NewsBytes Briefing: Germany clamps down on WhatsApp, and more
The Chinese hacking group Hafnium had caused widespread panic with its coordinated cyberattacks affecting thousands of servers across USA. Interestingly, the FBI undid the damage by using the hackers' own tools to break into infected computers and fix them. But it gets even better. The FBI was then slapped with a court order instructing it to delete all backdoors to affected computers.
Speaking of Chinese trojan horses, Tencent-backed Epic Games has raised a billion dollars in its latest round. That doesn't even include Sony's $200 million investment. And it really needs all those funds, because it has been copiously bleeding money buying exclusivity deals for the Epic Games Store in its mad Kamikaze dash to unseat Valve Corporation's Steam digital video game distribution service.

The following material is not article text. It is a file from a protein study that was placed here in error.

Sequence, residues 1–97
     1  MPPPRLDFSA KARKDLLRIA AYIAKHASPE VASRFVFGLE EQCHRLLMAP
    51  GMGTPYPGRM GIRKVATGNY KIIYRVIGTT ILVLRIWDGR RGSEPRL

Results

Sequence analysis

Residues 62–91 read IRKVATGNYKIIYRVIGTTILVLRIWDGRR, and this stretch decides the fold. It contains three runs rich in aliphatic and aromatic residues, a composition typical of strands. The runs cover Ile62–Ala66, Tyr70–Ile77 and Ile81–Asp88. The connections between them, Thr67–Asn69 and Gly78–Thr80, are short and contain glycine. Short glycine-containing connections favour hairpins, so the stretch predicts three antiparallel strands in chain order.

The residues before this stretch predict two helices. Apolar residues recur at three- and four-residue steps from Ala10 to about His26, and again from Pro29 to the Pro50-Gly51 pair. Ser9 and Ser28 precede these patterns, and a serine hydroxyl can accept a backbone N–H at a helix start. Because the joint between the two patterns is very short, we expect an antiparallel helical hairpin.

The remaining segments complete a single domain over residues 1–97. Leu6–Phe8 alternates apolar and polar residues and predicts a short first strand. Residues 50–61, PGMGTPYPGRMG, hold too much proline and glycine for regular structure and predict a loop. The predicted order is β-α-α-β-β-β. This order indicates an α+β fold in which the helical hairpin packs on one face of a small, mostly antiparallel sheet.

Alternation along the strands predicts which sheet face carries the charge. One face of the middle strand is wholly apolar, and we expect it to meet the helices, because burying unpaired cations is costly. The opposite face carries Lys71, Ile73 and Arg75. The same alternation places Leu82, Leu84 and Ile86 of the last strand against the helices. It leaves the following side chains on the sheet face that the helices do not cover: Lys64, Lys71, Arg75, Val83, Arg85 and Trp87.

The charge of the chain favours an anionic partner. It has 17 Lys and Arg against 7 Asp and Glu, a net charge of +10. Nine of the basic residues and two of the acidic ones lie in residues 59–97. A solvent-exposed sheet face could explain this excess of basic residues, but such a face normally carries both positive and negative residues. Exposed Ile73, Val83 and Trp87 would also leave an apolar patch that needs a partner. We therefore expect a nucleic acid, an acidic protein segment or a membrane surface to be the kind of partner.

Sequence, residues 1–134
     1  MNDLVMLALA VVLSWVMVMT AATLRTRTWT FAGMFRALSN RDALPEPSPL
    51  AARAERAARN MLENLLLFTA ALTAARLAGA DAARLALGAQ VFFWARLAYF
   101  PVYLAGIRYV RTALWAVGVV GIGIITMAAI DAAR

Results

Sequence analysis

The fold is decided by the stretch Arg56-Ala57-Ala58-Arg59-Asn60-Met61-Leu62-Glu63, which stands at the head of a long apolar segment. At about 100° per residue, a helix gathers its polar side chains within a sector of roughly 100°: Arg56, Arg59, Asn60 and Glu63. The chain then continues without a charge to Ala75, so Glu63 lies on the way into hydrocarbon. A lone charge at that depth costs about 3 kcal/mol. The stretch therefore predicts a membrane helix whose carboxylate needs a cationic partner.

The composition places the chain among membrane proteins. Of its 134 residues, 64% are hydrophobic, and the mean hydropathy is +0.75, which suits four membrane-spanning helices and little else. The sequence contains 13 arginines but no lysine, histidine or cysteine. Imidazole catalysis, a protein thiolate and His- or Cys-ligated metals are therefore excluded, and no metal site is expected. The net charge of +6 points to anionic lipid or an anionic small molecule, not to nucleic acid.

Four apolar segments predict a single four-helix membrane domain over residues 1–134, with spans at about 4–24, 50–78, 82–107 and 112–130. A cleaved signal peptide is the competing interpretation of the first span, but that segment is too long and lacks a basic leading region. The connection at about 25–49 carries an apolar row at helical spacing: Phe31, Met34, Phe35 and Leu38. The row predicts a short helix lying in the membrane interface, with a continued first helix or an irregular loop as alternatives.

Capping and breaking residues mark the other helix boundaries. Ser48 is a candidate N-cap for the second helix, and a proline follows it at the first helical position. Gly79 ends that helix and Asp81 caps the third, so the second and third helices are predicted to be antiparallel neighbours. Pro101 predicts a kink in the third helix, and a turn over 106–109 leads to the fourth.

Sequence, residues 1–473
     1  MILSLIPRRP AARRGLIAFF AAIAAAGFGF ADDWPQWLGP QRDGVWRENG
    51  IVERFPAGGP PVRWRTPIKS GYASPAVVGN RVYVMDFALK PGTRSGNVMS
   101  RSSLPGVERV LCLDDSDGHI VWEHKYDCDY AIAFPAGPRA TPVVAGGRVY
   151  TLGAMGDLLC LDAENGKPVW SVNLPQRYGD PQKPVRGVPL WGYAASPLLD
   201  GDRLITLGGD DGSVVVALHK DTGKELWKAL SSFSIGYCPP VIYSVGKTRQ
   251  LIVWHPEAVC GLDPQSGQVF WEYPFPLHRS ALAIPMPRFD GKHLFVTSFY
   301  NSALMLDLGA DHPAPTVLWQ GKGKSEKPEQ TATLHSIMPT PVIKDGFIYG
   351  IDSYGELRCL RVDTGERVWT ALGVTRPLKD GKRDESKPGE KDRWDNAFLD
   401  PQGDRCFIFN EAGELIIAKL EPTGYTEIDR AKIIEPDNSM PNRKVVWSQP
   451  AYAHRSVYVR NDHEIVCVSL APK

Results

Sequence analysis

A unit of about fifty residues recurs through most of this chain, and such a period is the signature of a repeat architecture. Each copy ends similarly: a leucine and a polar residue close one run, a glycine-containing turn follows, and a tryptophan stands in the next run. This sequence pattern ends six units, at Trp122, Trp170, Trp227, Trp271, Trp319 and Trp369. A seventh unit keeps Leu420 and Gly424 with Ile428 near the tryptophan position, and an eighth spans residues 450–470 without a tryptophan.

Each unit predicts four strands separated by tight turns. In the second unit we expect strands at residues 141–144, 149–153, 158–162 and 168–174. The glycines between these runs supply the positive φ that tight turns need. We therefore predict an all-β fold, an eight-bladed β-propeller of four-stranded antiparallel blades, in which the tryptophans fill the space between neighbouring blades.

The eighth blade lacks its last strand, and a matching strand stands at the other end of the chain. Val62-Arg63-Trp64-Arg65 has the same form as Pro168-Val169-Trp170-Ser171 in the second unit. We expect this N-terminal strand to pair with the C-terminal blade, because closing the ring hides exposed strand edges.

Burning investor money reminds us of Spotify, whose latest hardware product has left everyone puzzled. Widely described as a car gadget that's trying to fix a problem no one has, the in-car device serves the singular purpose of interfacing with the Spotify app. Unfortunately, that is something done exceedingly well by everything from existing Android Auto and Apple CarPlay hardware integrated into most cars.
You know there is something really wrong with humanity when Google has to introduce a feature in Android that reminds users to look up while they are walking. It's both surprising and concerning that smartphones are so addictive that they have somehow caused enough of us to ignore our very survival instincts and walk into lampposts and busy intersections while browsing Facebook.